Horned larks are members of a large family of larks, but you’d never know it if you were only focused on American birds. Larks are an Old World family that has the vast bulk of species in Eurasia and Africa, with only Horned Larks as a representative in North America. The family includes the Skylarks (genus Alauda), the Calandra Larks (genus Melanocorypha), and the Desert larks (Ammomanes), among others. Horned larks are known as Shore larks in much of Eurasia, and are one of the few larks to breed in the tundra of Europe and Siberia. This trait apparently allowed them to invade our continent, probably over the Bering Land Bridge around the same time that humans migrated to North America. They are still common breeders in the arctic tundra, as well as above tree-line in most western mountain ranges; most of our winter Larks are birds from the Canadian arctic.
Horned Larks’ invasion of North America has been very successful. They now inhabit virtually the entire continent, nesting in virtually every state except Florida. (My own memories of Larks from growing up in Florida were that they were rare, prized vagrants to beaches during winter.) This success is almost certainly the result of human transformation of the landscape. Larks love the wide open fields created by human agriculture. They forage in the fields and nest in grassy borders to these same fields. This is reflected in the fact that they were not original natives of primeval Ohio. Records show that Horned Larks were strictly migrants and winter visitors to the state before the 1880s, and their colonization of the state after that time correlates with the expansion of large-scale corn farming and industrial agriculture into the state. The small farm plots of pre-industrial-revolution Ohio would not have held much attraction to Horned Larks; in a very real sense, their colonization was enabled by John Deere and International Harvester.
With their ability to nest and feed in tundra-like conditions, Horned larks are able to breed very early in the year, often setting up territories by March. Their subtle coloration, which offers excellent camouflage in open fields, does not make for much of a visual display. Instead, adult male Larks advertise their presence by ‘skylarking’ – flying up into the air and singing on the wing during a spiraling descent. Their song is a beautiful series of tinkling notes and is not easy to localize. It’s very different from the thin short ‘see….tui’ call notes that they use to keep a flock together. Later, as their territories and mates are settled, they will sing more from the ground. The female lays 3-5 eggs in a grass- and feather-lined scrape in the ground, and incubates for 11-12 days. The nestlings, though born altricial, grow and develop quickly to fledging. Multiple broods are common, helping to explain the seemingly endless supply of larks on Ohio’s fields.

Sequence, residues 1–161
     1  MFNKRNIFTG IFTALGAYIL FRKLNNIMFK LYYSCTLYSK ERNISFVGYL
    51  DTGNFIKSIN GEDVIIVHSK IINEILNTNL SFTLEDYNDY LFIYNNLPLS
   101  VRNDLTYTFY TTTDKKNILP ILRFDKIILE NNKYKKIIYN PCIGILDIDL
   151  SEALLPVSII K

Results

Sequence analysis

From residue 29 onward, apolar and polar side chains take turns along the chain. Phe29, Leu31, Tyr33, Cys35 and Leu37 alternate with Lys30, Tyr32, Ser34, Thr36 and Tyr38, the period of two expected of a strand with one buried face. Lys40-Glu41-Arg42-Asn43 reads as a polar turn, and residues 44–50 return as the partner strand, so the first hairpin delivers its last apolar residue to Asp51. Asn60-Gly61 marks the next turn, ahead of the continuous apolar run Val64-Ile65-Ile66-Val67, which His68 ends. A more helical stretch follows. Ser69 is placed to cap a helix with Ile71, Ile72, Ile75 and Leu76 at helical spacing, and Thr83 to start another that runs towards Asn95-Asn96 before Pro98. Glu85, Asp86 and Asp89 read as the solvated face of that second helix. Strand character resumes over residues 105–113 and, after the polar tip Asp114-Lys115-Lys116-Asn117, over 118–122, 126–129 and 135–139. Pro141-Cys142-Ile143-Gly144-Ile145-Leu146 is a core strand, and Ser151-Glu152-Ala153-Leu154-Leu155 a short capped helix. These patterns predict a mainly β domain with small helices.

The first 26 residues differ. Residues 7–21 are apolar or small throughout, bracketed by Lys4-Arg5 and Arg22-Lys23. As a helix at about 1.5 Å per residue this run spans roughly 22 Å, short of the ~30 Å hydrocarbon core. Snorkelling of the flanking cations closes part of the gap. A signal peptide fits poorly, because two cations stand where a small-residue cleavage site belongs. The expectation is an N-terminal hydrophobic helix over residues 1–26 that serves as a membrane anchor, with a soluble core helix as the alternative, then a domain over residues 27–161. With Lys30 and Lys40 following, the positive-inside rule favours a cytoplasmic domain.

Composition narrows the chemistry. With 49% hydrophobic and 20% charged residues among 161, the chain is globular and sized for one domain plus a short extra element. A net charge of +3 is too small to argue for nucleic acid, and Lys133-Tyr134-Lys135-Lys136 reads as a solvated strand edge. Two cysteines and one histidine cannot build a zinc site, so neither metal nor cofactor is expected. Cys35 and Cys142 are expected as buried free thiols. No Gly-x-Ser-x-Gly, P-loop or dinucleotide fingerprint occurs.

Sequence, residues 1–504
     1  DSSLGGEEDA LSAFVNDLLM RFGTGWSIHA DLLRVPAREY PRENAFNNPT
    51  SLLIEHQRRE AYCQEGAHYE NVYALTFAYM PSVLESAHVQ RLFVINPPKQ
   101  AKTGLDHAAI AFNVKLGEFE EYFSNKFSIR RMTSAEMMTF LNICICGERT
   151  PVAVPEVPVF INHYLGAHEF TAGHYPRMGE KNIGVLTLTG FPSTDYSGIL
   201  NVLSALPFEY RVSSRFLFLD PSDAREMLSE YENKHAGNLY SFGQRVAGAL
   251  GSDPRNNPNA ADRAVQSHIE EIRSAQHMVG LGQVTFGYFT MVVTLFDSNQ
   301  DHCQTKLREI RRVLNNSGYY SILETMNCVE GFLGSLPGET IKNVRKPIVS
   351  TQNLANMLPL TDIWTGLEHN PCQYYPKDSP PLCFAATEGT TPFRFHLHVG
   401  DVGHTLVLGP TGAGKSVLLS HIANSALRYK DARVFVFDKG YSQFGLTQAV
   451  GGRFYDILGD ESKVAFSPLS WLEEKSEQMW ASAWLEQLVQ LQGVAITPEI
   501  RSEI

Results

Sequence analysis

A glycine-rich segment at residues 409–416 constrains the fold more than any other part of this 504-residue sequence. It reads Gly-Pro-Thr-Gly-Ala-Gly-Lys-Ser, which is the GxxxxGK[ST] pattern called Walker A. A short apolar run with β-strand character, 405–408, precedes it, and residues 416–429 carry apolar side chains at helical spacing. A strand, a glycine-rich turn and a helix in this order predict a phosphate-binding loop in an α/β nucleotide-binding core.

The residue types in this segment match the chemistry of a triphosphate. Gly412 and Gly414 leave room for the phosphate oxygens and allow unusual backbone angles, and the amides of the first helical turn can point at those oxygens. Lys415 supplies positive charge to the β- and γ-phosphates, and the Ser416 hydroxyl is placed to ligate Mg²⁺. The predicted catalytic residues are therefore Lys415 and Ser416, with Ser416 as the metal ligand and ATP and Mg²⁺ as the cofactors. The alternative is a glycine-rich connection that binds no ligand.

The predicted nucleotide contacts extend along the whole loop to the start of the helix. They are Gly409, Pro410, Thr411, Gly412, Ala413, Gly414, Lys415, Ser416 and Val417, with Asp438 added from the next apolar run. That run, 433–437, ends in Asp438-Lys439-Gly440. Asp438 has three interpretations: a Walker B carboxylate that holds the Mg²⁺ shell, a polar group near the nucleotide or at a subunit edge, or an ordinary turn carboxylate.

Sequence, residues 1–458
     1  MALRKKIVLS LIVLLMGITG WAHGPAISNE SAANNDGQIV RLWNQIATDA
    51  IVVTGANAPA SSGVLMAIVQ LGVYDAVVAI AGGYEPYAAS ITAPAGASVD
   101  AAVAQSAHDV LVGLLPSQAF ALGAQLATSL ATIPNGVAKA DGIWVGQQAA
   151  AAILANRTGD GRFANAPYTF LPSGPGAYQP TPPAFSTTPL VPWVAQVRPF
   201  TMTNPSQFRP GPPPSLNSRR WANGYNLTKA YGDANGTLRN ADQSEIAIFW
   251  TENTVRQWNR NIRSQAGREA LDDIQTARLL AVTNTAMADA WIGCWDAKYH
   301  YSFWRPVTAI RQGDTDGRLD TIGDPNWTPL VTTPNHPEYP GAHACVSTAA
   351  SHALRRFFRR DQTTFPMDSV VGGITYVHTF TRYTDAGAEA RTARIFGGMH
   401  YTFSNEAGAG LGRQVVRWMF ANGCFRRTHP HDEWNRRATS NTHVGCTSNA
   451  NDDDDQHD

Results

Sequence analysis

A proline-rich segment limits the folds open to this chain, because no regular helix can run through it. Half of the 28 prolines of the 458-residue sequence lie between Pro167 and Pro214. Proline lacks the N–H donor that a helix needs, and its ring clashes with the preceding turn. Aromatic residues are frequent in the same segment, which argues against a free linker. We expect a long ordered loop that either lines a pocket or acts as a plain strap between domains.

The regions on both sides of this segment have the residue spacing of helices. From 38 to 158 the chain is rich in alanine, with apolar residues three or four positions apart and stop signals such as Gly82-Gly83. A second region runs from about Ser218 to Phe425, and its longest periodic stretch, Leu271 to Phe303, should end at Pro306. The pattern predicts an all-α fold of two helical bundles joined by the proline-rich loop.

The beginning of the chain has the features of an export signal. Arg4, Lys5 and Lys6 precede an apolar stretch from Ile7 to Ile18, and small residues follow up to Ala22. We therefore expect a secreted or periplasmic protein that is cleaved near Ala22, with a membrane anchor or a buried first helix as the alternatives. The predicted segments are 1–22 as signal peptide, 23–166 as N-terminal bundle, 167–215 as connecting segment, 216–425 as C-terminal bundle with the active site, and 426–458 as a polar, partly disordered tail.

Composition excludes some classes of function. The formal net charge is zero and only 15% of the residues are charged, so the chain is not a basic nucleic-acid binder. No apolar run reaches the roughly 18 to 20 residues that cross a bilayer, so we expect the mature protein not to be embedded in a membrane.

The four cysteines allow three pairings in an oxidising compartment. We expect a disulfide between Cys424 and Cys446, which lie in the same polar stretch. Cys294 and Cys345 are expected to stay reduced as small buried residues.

For inhabitants of open fields, larks are surprisingly hardy, often being one of our last birds to migrate in the Fall and one of the first ones to migrate in the Spring. They seem immune to the cold, and will even forage roadside edges for windblown seeds if the snow covers their fields. In Fall, large flocks of larks are often still migrating into December, and many birds only move south when the snow becomes too thick for effective foraging. The Lark numbers on central Ohio Christmas Bird Counts vary wildly, depending on weather and snowfall, and the Delaware CBC even offers a tongue-in-cheek Horned lark award each year to the participant who can guess closest to the correct number of Larks found on the count. As temperatures moderate in late winter, flocks of Larks start heading back north, usually starting in February. At that time, you can hear calling larks flying north overhead on almost any clear day, one of the first real signs that winter is on the wane.
Where can you see them in central Ohio? Basically, get out of town. Any large flat open field will have a few; the more open the area, the better your chances of finding them. Airports are great spots to find larks, and Port of Columbus, Rickenbacker Airport, Bolton Field, Don Scott Field, and the Pickaway County Airfield all have a few. Other nearby open areas that usually have some are along Miller Paul Rd (east of Hoover Reservoir), Beatty Rd (south of Grove City), Darby Creek Drive, and the far western sections of Hayden Run & Rings Roads west of Hilliard and Dublin. A few birds remain to breed in all of these locations, but they are harder to see in late Spring and Summer except when they are singing. There’s really no time when you can’t find Horned larks somewhere locally.